July 2020

BCG: a therapeutic modality for COVID-19 and cancers

The Bioidea group invites you to join healthcare, biotech and investment community for the virtual session featuring distinguished clinicians and scientists working on the BCG vaccine for COVID-19 and cancer. Our webinar will also discuss how BCG modality can be exploited to construct next-generation genetically-engineered therapies. Event is to be live streamed to multiple platforms.

Bacillus Calmette–Guérin (BCG) is a live attenuated vaccine that was developed against tuberculosis at the beginning of the 20th century. BCG is also approved as a treatment for early-stage baldder cancer. The recent studies revealed a correlation showing that countries with higher rates of BCG vaccinations had lower peak mortality rates from COVID-19. Receiving BCG vaccination during early childhood is associated with reduced risk of subsequent lung cancer development. These beneficial effect of BCG against viral infections are proposed to be mediated by the stimulation of innate immune mechanisms, also termed trained immunity

WHEN: Wednesday July 22, 4:15 – 5:00 PM ET 

WHERE: ZOOM (link to be send to registered / vetted participants)

RSVP to register and receive Zoom link: https://bcg-vaccine-advances.eventbrite.com


Dr. Leonardo O. Reis, MD PhD. Professor Livre Docente Urologia
Produtividade Pesquisa CNPq, UroScience / Urology / Oncology
Dr Seth Lerner, MD. Professor of Urology. Beth and Dave Swalm Chair in Urologic Oncology
Director of Urologic Oncology, Director of the Multidisciplinary Bladder Cancer Program
Urology, Baylor College of Medicine, Houston, TX, US
Dr Andrew DiNardo, MD. Assistant Professor. Medicine-Infectious Disease, Baylor College of Medicine Houston, TX, US
Dr Ashish Kamat, MD. Professor of Urologic Oncology. Wayne B. Duddlesten Professor of Cancer Research, Attending Surgeon, Department of Urology, Division of Surgery, The University of Texas, MD Anderson Cancer Center
Dr Jessica Seeliger, PhD. Associate Professor, Department of Pharmacological Sciences, Stony Brook University. Microbial Pathogenesis.
Dr Yossef Av-Gay, PhD. Professor, Division Of Infectious Diseases, The University Of British Columbia
Dr Lewis Schrager, MD. Infectious Diseases, TB. Former VP, Scientific Affairs at Aeras
Dr Naomi E. Aronson, MD. Professor of Medicine , Director, Infectious Diseases Division , Uniformed Services University of the Health Sciences
Dr Jordi Orchando, PhD. Assistant Professor, Oncological Sciences, The Icahn School of Medicine at Mount Sinai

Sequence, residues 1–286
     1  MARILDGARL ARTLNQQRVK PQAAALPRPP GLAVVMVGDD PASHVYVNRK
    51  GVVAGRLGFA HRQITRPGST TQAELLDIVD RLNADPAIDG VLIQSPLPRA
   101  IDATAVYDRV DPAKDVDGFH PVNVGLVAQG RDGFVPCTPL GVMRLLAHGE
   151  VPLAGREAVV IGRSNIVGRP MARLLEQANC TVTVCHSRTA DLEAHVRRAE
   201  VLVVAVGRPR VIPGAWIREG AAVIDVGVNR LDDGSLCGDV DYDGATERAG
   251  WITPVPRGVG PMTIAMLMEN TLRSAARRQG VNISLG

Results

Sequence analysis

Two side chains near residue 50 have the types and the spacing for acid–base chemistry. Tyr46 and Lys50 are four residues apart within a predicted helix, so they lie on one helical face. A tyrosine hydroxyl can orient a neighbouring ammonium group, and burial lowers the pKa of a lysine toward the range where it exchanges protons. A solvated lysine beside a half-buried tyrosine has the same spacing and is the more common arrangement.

Dr Boris Shor, PhD. Manhattan BioSolutions, Inc. Founder & CEO

The views expressed by Dr. Aronson are those of the presenter and do not reflect the official 
policy or position of her institution (the Uniformed Services University), the Department of Defense or the US government
Event Moderators
Dr Navpaul Singh, MD. Chief Medical Consultant, Nascent Biotechnology

Selected Clinical Trails Assessing BCG For COVID-19

- BCG Vaccine for Health Care Workers as Defense Against COVID 19 (BADAS)
  NCT04348370,United States
- COVID-19: BCG As Therapeutic Vaccine, Transmission Limitation, and Immunoglobulin 
  Enhancement (BATTLE)
  NCT04369794, Brazil
- Efficacy and Safety of VPM1002 in Reducing SARS-CoV-2 (COVID-19) Infection Rate and 
  Severity (COBRA)
  NCT04439045, Canada
- Using BCG Vaccine to Protect Health Care Workers in the COVID-19 Pandemic
  NCT04373291, Denmark
- BCG Vaccination for Healthcare Workers in COVID-19 Pandemic
  NCT04379336, South Africa
- BCG Vaccination to Protect Healthcare Workers Against COVID-19 (BRACE)
  NCT04327206, Australia
- Efficacy of BCG Vaccination in the Prevention of COVID19 Via the Strengthening of Innate 
  Immunity in Health Care   Workers (COVID-BCG)
  NCT04384549, France
- Reducing Health Care Workers Absenteeism in Covid-19 Pandemic Through BCG Vaccine 
  NCT04328441, Netherlands
- Study to Assess VPM1002 in Reducing Healthcare Professionals' Absenteeism in COVID-19 
  NCT04387409, Germany
- Study to Assess VPM1002 in Reducing Hospital Admissions and/or Severe Respiratory 
  Infectious Diseases in Elderly in COVID-19 Pandemic
  NCT04435379, Germany